Tuesday, June 28, 2016

Nobody Ever Believes This Story: Slam Poetry as a Palimpsestic Space for Mental Illness Identity

By Chandler Batchelor

Chandler Batchelor is a graduate student in the Literature, Medicine, and Culture MA program at the University of North Carolina at Chapel Hill.  She is interested in alternative and holistic approaches to mental healthcare, doctor-patient relationships in mental healthcare, and mental health advocacy.

Typically, descriptions of mental illness provided by medical professionals are often taken more seriously than descriptions given by the diagnosed themselves. Biomedicine has a particular way of talking about mental abnormalities, describing mental experiences with symptoms. It uses words like “depression,” “flat affect,” and “grandiose sense of self” to depict concrete outward signs of internal dysfunction. In our culture, this biomedical rhetoric is upheld as the definitive, most correct and objective way of describing mental illness. But while biomedicine is an excellent tool for describing diseases, it often fails to capture the subjective nuances of the illness experience. By looking at how the diagnosed talk about their subjective experiences, we can gain new insights that could not be gleaned from a biomedical understanding alone (Estroff, 2003; Kleinman, 1988).

Tuesday, June 21, 2016

The plague at our doorstep: ethical issues presented by the Zika virus outbreak

By Ryan Purcell

Image courtesy of Flickr user Day Donaldson
“Never before in history has there been a situation when a bite from a mosquito can result in such a devastating scenario.” So says Tom Frieden, director of the US Centers for Disease Control and Prevention (CDC). The Zika virus has captured headlines since late 2015, when word spread north from Brazil that a virus, new to the Americas, may be silently causing alarming neurodevelopmental disorders in newborns. Now, the southern United States is preparing to confront the mosquito-borne illness, which “may become the first great plague of the 21st century.” As public health officials continue to work to mitigate the impact of what the World Health Organization has declared a “Global Health Emergency”, there are several important ethical issues that must be considered. These include a women’s reproductive rights, disability rights concerning those most affected, and the growing realization that poverty-stricken regions and neighborhoods will bear a disproportional burden from this disease. Each of these concerns deserves much more attention than could be provided here. My current aim is merely to point out key issues to stimulate discussion.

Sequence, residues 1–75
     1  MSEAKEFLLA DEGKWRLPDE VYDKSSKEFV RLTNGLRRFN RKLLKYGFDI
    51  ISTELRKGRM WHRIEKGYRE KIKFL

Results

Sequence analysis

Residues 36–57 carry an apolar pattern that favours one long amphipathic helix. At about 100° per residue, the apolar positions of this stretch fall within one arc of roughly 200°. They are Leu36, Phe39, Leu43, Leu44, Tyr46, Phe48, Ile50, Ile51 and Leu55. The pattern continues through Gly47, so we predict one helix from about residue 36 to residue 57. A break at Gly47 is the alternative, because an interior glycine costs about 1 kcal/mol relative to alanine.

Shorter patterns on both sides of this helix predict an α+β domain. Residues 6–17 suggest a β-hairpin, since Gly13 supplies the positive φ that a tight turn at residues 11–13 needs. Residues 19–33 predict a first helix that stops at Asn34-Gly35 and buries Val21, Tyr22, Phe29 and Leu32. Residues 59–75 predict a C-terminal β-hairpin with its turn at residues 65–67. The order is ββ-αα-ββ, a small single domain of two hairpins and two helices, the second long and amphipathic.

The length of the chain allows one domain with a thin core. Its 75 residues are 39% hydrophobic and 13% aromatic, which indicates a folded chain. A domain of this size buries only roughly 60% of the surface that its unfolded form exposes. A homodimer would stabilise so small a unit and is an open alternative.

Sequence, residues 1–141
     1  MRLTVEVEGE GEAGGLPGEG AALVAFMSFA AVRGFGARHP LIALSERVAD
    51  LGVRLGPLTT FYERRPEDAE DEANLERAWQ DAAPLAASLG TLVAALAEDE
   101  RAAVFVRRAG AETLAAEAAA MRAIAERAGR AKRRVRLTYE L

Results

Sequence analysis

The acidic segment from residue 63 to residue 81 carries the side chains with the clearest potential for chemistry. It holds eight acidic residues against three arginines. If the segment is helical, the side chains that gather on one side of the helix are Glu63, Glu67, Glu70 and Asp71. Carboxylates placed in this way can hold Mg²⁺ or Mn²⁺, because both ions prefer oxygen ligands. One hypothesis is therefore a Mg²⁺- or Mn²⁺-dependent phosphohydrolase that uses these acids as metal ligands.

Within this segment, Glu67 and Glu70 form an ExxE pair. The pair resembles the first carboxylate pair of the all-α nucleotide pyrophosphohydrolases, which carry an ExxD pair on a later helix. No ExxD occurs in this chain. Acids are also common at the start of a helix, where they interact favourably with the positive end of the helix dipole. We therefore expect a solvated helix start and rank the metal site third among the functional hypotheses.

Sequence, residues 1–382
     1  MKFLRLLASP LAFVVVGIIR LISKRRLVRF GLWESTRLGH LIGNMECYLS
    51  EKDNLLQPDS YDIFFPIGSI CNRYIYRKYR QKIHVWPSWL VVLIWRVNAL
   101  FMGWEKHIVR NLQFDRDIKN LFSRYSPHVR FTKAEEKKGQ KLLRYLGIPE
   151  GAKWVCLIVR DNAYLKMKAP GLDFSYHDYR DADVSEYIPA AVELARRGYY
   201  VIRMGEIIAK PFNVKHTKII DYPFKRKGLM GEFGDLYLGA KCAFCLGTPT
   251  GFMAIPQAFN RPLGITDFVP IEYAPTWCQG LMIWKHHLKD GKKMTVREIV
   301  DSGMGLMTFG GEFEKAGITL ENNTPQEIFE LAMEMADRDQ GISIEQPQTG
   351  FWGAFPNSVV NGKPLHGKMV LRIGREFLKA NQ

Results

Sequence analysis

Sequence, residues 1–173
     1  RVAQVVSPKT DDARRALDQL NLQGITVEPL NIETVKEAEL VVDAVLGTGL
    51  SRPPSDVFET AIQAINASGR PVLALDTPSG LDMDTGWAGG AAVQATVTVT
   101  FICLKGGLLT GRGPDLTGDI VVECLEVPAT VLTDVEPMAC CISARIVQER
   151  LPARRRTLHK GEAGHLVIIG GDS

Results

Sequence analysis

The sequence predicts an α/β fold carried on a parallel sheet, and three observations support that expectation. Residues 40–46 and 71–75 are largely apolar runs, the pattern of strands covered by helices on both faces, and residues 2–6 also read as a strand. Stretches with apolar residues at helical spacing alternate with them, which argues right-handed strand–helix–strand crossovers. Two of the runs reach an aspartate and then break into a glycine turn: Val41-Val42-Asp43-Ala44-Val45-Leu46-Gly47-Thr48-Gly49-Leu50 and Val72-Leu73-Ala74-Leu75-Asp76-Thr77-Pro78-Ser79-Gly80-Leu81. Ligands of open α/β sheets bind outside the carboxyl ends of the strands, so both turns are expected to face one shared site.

Tuesday, June 14, 2016

Consumer Neurotechnology: New Products, More Regulatory Complexity

By Anna Wexler

Anna Wexler is a PhD candidate in the HASTS (History, Anthropology, Science, Technology and Society) at MIT and a 2015-2016 visiting scholar at the Center for Neuroscience and Society at the University of Pennsylvania. Her dissertation focuses on the ethical, legal and social implications of emerging neuroscience technology, with a particular focus on the home use of noninvasive brain stimulation.

Just when it seemed like the consumer neurotechnology market couldn’t get any stranger—after all, who would’ve expected that a sleek white triangle could be placed on the forehead for “calm” or “energy” vibes—two new products recently hit the market that further complicate the challenges of regulating this emerging market. Halo Sport is a brain stimulator marketed for athletic enhancement that utilizes technology similar to transcranial direct current stimulation (tDCS), while Nervana, which began taking pre-orders in March, is the first noninvasive vagus nerve stimulation (VNS) device to be sold directly to the public in the United States.

Halo Neuroscience, the manufacturer of Halo Sport, advertises that its product “accelerates gains in strength, explosiveness, and dexterity.” In many ways, Halo Sport overcomes obstacles that have plagued other direct-to-consumer brain stimulation products. Because Halo Sport only claims to stimulate the motor cortex—which, conveniently for the company, lies beneath the area of the head where a pair of headphones might sit—the product does not utilize stray wires or a futuristic headset, but instead takes the recognizable shape of headphones. The beneficial effect of a familiar design should not be underestimated: many potentially useful technology tools have failed in no small part due to their unusual “look.”

Tuesday, June 7, 2016

Submit your Abstract for the 2016 International Neuroethics Society Meeting in San Diego!

Mark your calendars now for the 2016 International Neuroethics Society Annual Meeting taking place in San Diego, CA on November 11th and November 12th. This year the conference will feature 2 days of talks, networking opportunities, and poster presentations.

Highlights from the meeting include Plenary Talks by Dr. Steve Hyman of the Stanley Center for Psychiatric Research and Dr. Walter J. Koroshetz from the National Institute of Neurological Disorders and Stroke (NINDS), while the two featured sessions on the 12th are entitled “Mind-Brain and the Competing Identities of Neuroethics” and “Deconstructing Therapeutic Neurotechnology 'Narratives': A Case Study of DBS for Depression.”